Document Type


Publication Date



Purpose: Biased perceptions of individuals who are not part of one’s in-groups tend to be negative and habitual. Because health care professionals are no less susceptible to biases than are others, the adverse impact of biases on marginalized populations in health care warrants continued attention and amelioration. Method: Two characters, a Syrian refugee with limited English proficiency and a black pregnant woman with a history of opioid use disorder, were developed for an online training simulation that includes an interactive life course experience focused on social determinants of health, and a clinical encounter in a community health center utilizing virtual reality immersion. Pre- and post-survey data were obtained from 158 health professionals who completed the simulation. Results: Post-simulation data indicated increased feelings of compassion toward the patient and decreased expectations about how difficult future encounters with the patient would be. With respect to attribution, after the simulation participants were less inclined to view the patient as primarily responsible for their situation, suggesting less impact of the fundamental attribution error. Conclusion: This training simulation aimed to utilize components of evidence-based prejudice habit breaking interventions, such as learning more about an individual’s life experience to help minimize filling in gaps with stereotyped assumptions. Although training simulations cannot fully replicate or replace the advantages that come with real-world experience, they can heighten awareness in the increase of increasing the cultural sensitivity of clinicians in health care professions for improving health equity.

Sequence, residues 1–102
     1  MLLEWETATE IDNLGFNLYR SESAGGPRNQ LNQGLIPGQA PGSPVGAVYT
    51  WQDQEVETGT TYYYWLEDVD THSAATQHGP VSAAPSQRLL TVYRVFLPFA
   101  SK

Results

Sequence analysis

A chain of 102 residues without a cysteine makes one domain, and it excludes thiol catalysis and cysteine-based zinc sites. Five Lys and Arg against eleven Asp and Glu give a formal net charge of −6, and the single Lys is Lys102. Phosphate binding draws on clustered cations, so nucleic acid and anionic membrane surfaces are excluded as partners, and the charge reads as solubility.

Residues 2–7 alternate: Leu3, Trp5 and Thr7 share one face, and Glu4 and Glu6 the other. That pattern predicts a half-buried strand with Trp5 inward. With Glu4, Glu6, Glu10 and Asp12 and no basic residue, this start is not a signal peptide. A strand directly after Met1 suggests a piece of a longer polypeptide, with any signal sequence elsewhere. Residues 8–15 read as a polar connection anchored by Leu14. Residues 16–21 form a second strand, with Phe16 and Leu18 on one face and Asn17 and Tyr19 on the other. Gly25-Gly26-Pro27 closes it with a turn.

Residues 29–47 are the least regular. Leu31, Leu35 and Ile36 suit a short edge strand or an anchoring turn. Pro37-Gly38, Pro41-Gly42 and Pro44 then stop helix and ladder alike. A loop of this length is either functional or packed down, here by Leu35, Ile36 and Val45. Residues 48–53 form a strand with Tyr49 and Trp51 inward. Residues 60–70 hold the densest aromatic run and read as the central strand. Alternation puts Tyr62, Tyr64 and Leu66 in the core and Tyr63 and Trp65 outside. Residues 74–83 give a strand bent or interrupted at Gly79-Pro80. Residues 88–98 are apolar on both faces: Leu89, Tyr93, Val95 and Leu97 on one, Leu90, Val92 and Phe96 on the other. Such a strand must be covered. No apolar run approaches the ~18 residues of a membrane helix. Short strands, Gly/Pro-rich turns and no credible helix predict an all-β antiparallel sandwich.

Creative Commons License
This work is licensed under a Creative Commons Attribution 4.0 International License.